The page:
Wednesday, April 23, 2014

For Better Bread, Pre-Ferment Your Yeast

There's a name for this.   "Pre-ferment" is what I see it called.

There are other proportions for different purposes.  A Poolish is a French technique of 50 percent Flour.   A Biga is an Italian one with a drier mix.

Bread Machines aren't as popular as they once were, but you can still make an amazing loaf of bread using one.  I just don't cook the loaf in the machine since you don't really get that crust that crunches when you bite into it.  

The Bottom's Up baking method of a vertical bread machine means the bottom of the loaf is dry, the top would be gummy.

The trick is simple.  To the bucket of your bread machine, or the mixing bowl of your stand mixer, add all your ingredients except the flour.

Yeast, 105F Lukewarm Water, sugar, salt, oil or other fat. 

Stir the mix up.  Allow it to brew at least 15 minutes if you have a very active yeast, or longer if you are using a sourdough starter and less or no yeast.

What happens is that the yeast begins to activate.   It forms a culture throughout the mixture and begins to digest the sugars.  At around 15 minutes, flour can be added.

The longer the dough is allowed to brew, the more complex the flavor.   The French "Poolish" technique can be used at this point by adding in 1/2 of your flour.   What this makes is a very wet brew that can be covered and allowed to rise for a longer period of time, as much as "overnight".  The result of that is a sour dough that is on the verge of becoming a sourdough mother.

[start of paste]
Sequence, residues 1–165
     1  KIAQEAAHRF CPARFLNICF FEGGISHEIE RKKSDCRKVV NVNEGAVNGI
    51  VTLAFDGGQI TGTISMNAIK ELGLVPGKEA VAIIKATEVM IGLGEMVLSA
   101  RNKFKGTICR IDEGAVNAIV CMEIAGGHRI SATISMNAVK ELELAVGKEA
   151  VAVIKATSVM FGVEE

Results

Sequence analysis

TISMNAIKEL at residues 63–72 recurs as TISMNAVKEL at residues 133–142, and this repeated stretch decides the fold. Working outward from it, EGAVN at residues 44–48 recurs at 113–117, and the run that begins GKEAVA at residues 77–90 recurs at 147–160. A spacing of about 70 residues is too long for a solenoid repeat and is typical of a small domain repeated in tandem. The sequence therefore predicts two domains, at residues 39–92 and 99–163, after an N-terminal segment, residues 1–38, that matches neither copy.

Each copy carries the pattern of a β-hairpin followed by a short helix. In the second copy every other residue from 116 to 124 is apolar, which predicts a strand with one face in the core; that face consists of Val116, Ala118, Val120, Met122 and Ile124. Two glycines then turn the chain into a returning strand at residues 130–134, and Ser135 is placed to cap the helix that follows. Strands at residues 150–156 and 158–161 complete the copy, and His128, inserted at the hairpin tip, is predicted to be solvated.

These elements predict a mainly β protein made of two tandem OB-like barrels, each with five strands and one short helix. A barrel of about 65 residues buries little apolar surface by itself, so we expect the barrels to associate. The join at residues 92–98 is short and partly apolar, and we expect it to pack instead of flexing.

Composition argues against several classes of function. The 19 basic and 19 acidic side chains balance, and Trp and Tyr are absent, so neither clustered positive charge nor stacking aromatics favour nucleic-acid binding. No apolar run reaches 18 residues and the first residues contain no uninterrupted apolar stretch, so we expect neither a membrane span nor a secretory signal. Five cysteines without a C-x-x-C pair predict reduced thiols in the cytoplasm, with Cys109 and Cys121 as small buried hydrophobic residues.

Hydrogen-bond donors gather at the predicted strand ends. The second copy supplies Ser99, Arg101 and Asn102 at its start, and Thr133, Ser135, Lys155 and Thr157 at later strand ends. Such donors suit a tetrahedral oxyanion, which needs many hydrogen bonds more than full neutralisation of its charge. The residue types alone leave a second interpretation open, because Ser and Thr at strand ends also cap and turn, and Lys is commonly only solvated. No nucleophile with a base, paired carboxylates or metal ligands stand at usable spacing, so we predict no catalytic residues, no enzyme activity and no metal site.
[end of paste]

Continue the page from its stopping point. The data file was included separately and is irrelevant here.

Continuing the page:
Add back in the rest of your flour and bake normally.

I've done this trick in the past and ended up with a complex bread that tastes much better than any pre-fab store bought commercial bread with a big name on the side, but it does take a bit of patience and planning.

If you really aren't interested in waiting that long, you can add in all your flour at the 15 minute mark.  In my house, which is normally "warm" in South Florida, the yeast is fully activated and healthy. 

The longer the rise time, the more complex the taste.  Not everyone likes a rich sourdough taste, but that isn't what we've been trained to eat over the last few decades.

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